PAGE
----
During the first section of the semester we will explore representations of judges, juries, lawyers, legal education, and political activism as well as the place of such concepts as fairness, equality, morality, and justice as they are represented in popular culture. We will then turn our attention to the ways that legal conflicts about gender, sexuality, and the family are represented in both law and popular culture, paying particular attention to the points of intersection and slippage between these two discursive realms. The final section of the course will approach death and cinema through several examples: controversies surrounding purported snuff films, and in the re-animated form of the zombie film.
FSCP 81000 - Four American Directors: Huston, Scorsese, Jarmusch, Soderbergh, Professor William Boddy, Wednesday, 11:45am-3:15pm, Room C-419, 3 credits  Cross listed with THEA 81500
This course explores issues of authorship, genre, adaptation, and film and social history through the scrutiny of selected feature films by four diverse and distinctive American directors: John Huston, Martin Scorsese, Jim Jarmusch, and Steven Soderbergh. Collectively, their careers span a half-century of filmmaking and suggest the historical possibilities for personal expression within and beyond traditional Hollywood genres and industry structures. From James Agee’s 1950 profile of John Huston as “The Undirectable Director” through Steven Soderburgh’s elegiac “State of Cinema” speech at the 2013 San Francisco Film Festival, the shifting notions of creative independence as seen through the evolving critical reputations of these four filmmakers can illuminate wider changes in American film criticism and culture.
Course requirements include weekly response journals, a 5-page critical essay, and a 15-page research paper. No previous course experience in film studies is required, and students from a variety of academic backgrounds are welcome. Course outline and list of recommended readings available in the Certificate Programs Office (Room 5110).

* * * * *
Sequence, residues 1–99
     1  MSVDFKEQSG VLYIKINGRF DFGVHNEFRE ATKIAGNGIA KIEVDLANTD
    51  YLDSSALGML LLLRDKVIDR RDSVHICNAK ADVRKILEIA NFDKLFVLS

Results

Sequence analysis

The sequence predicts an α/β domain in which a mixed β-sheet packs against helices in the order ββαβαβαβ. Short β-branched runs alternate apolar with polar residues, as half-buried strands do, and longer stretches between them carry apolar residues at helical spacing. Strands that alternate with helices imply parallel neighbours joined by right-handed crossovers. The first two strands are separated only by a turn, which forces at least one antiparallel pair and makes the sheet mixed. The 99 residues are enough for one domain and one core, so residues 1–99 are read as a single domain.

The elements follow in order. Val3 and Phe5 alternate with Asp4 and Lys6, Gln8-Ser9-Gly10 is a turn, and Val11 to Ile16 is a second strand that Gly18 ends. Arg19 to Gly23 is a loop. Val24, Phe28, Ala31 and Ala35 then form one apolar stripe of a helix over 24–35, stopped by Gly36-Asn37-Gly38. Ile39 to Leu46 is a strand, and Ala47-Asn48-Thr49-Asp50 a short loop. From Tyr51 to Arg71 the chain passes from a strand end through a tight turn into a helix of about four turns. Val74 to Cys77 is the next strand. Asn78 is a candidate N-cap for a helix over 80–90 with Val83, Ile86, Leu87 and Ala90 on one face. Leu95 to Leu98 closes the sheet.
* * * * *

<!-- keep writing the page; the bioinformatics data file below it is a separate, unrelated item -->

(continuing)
THE FOLLOWING COURSE IS EQUIVALENT TO FSCP 81000 AND WILL FULFILL PROGRAM REQUIRMENTS:
SPAN 887200 - The Cinemas of Pedro Almodóvar and Guillermo del Toro  Wednesday, 4:15-6:15pm, Room TBA, 3 credits, Professor Paul Julian Smith COURSE IS OPEN TO PH.D. STUDENTS ONLY
This course examines the works of contemporary Spain and Mexico's most successful filmmakers, critically and commercially. These two figures might appear to be very different and, indeed, have formally collaborated only when Almodóvar produced del Toro's The Devil's Backbone, shot and set in Spain. Although he has greater transnational projection than perhaps any other European filmmaker, Almodóvar has filmed all seventeen features in his home country and language; while del Toro, with just eight films, has made for himself a nomadic career in two languages and three countries. Yet it can be argued that the pair has a great deal in common.
For example, both directors have embraced transmedia, going beyond the feature film. Almodóvar's production company has expanded into television and theater; del Toro is a respected creator in the fields of the comic book and novel. Their internet presence is also substantial.
The aims of the course are industrial, critical, and theoretical. First, Almodóvar is placed in the context of audiovisual production in Spain, while del Toro (as director and producer) is contextualized within the 'golden triangle' of Mexico, Europe, and the US. Second, both cineastes are interrogated for signs of auteurship (a consistent aesthetic and media image), sharing as they do a self-fashioning that takes place, unusually, within the confines of genre cinema (comedy/melodrama and fantasy/horror, respectively). Finally, the course explores how English-language critics have assimilated these two Spanish-speaking directors to debates in Anglo-American film studies that draw on psychoanalysis, feminism, queer theory, and the transnational.
Recommended, but not required, is the book Desire Unlimited: The Cinema of Pedro Almodóvar (2nd edition, 2000), written by the instructor (on reserve at GC library). A bibliography in Spanish can also be provided on request. Grading is by written exam (25%), student oral participation and presentation (25%) and final paper (50%).
C L. 85500 – Classical Chinese Officialdom: Novels and Their Contemporary Screen Reincarnations  Thursday, 4:15pm-6:15pm, 4 credits, Prof. Ying Zhu
MES 76900– Egyptian Cinema  Hunter College, Monday/Thursday, 2:45-4:00pm, Room TBA, 3 credits, Professor Christopher Stone